City crews have been working 12-hour shifts as they continue to clean up debris following last week’s derecho, a powerful storm system that cut a swath through the Midwest, spawning numerous tornadoes in its path, including a twister that touched down in Rogers Park.
The Department of Streets and Sanitation cleared 6,895 downed trees within a week but has yet to tally the total number of trees requiring removal or some other action, said spokeswoman Cristina Villarreal.
Whatever that final count is, it could have been lower, said Daniella Pereira, vice president of community conservation with Openlands, who described the city’s approach to its green infrastructure as far too heavily reliant on a sort of “emergency medicine” model versus preventive care.
If trees were routinely inspected and the ones determined to have structural issues were pruned or removed and replaced as a matter of course, far fewer aging, unsound trees would have toppled over onto cars or rained down limbs onto power lines during the storm.
“There could’ve been a lot less damage if there was some sort of maintenance plan,” said Pereira. “This has nothing to do with the workers. This has to do with strategy and how we think about resiliency.”
At July’s City Council meeting, Ald. Scott Waguespack (32nd Ward) introduced an ordinance that would create an Urban Forestry Advisory Board, whose role would be to develop the strategy Pereira referenced, by bringing together environmentalists, arborists and representatives from all of the various city and regional governmental entities that touch on trees — all the smart people who are currently working in silos, she said.
“One of the purposes for the board, as future, more intense storms come into play, would be to have coordination on building a more resilient canopy and also preparing for these intense storms as a coordinated effort, as opposed to calling ComEd or the City and relying only on them for reaction,” Waguespack said.
At the moment, the ordinance is stuck in the Rules Committee, known to council insiders as the place “legislation goes to die.” Waguespack said he remains committed to rallying support and bringing the measure to a vote. Openlands is pitching in with an advocacy campaign, recruiting its TreeKeepers and other tree lovers to contact aldermen and secure their endorsement of the forestry board.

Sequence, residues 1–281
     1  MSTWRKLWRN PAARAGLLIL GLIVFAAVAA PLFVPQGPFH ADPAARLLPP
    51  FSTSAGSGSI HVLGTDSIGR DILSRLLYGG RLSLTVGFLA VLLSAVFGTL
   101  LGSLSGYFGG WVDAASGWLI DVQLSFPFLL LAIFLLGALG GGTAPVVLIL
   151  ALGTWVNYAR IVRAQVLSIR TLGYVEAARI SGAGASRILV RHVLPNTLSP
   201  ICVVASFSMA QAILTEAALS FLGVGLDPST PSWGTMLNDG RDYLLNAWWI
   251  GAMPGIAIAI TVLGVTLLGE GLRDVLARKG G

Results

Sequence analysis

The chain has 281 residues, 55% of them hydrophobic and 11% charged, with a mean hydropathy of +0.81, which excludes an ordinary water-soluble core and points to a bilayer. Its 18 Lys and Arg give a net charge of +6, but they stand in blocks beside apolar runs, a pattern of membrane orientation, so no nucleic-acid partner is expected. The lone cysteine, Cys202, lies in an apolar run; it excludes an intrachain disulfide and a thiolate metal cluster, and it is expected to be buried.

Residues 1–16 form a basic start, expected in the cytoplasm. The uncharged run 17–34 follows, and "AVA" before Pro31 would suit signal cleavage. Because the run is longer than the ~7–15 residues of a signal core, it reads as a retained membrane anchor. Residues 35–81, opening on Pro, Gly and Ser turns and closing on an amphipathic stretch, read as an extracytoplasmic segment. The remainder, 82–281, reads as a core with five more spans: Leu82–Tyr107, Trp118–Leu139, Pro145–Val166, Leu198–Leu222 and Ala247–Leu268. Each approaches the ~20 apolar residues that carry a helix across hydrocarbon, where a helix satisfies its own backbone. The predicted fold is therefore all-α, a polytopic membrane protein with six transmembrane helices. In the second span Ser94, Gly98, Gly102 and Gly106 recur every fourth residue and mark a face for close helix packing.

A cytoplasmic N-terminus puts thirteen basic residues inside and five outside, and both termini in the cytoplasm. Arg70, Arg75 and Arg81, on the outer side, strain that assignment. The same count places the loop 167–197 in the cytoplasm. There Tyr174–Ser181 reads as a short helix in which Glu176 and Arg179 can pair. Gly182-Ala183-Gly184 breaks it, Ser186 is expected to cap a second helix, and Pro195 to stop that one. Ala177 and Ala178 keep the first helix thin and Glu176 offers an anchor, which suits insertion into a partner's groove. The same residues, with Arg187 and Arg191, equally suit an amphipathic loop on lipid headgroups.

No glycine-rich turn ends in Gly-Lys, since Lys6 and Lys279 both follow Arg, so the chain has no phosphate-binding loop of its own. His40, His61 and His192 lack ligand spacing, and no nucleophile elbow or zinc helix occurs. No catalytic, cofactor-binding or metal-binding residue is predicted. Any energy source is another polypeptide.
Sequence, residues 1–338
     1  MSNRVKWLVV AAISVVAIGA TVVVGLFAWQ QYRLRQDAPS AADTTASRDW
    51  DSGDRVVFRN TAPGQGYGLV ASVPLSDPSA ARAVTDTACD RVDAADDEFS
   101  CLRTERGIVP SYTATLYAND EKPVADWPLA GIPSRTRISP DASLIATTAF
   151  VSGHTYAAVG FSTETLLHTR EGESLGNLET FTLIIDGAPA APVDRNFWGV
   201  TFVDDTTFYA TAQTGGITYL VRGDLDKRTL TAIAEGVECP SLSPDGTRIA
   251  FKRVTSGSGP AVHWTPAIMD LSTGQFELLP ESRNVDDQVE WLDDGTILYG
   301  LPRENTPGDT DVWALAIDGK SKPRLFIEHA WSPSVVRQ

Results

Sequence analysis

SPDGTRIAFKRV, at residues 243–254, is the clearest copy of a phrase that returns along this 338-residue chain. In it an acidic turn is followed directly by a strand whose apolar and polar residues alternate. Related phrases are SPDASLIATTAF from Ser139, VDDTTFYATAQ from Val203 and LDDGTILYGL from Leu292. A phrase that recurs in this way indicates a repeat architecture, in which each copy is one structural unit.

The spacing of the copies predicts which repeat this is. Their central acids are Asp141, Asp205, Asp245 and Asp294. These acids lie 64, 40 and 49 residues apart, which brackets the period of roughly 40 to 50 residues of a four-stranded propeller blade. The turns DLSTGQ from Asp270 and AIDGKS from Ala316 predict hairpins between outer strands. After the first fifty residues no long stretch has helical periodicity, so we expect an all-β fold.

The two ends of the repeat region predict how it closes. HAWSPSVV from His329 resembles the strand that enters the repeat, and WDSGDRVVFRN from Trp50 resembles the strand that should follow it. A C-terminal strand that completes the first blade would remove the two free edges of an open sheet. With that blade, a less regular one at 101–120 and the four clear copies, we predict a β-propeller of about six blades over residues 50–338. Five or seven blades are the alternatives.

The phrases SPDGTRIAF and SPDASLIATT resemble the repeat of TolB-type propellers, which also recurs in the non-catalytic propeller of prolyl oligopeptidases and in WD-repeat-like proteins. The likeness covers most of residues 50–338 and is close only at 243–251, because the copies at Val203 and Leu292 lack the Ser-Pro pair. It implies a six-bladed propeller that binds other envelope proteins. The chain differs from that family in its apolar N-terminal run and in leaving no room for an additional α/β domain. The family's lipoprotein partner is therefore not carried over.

The loss of thousands of trees in a single afternoon only piled on to Chicago’s existing deficit.
Millions of the region’s ash trees were killed in recent years by the Emerald Ash Borer, and due to a legacy of inequality in the distribution of green resources, some of the city’s neighborhoods have less than 10% tree canopy cover versus more than 40% for others. Environmentalists have been pushing to grow Chicago’s canopy, not shrink it.
Once crews have cleaned up the final twigs and leaves from the Aug. 10 storm, streets, sidewalks and yards may appear tidier, but there will be less shade, less stormwater absorption, less pollution removed from the air, less nature and less of the calming sense trees provide.
If the storm had damaged homes or businesses, roads or bridges, there would be a push to rebuild ASAP, but with trees, Pereira said the common refrain is typically “We don’t have funds” or “We’ll get to it later” or “Trees are not a priority.”
What concerns her, she said, is that trees aren’t just placed on the back burner, they’re often not even part of the conversation.
For example, on Tuesday city officials announced a proposal to replace hundreds of thousands of lead service lines, a multi-billion dollar project that could potentially see the Water Department rip up parkway trees en masse, said Pereira.
“What’s going to happen with that?” she asked.
Which brought her back to the forestry board, as an entity that could bring departments together to talk through competing concerns and objectives, and arrive at mutually beneficial solutions.
“City departments working together would be so helpful,” Pereira said.
Cleanup Continues, But Beware of Scammers
In the immediate aftermath of the Aug. 10 storm, one of the most destructive the city has seen in a decade, the Department of Streets and Sanitation prioritized removing trees that were blocking streets, said spokeswoman Cristina Villarreal. Crews then tackled trees that had fallen on houses or cars, or were obstructing sidewalks. Debris was stacked in parkways for later pickup.
The final phase in the department’s emergency response procedure is for crews to assess remaining trees that might have suffered a less than fatal blow, Villarreal said, adding that the cleanup process has yet to reach that point.
Ward superintendents are also surveying their neighborhoods for tree debris, and the Chicago Department of Transportation and Department of Water Management are lending assistance.
The Chicago Park District, which did not respond to a request for comment, is responsible for trees within park boundaries, with Streets and Sanitation working in conjunction with park employees, said Villarreal.
Though images of neighbors pitching to help move downed trees were great in terms of lifting spirits, Villarreal cautioned residents against clearing public trees that pose a danger.
“They should wait for the experts,” she said.
Debris can be placed in the public way or alley and then folks should call 311 for pick up. If a private contractor does the work, it’s their responsibility to haul away the debris.
Beware of scammers offering tree trimming services, though.
The Chicago Police Department issued a community alert related to a “ruse burglary” in Rogers Park on Aug. 14. Three men talked their way into the home of an older adult, posing as a tree trimming crew. While one of the men distracted the resident, the other two stole jewelry and other valuables.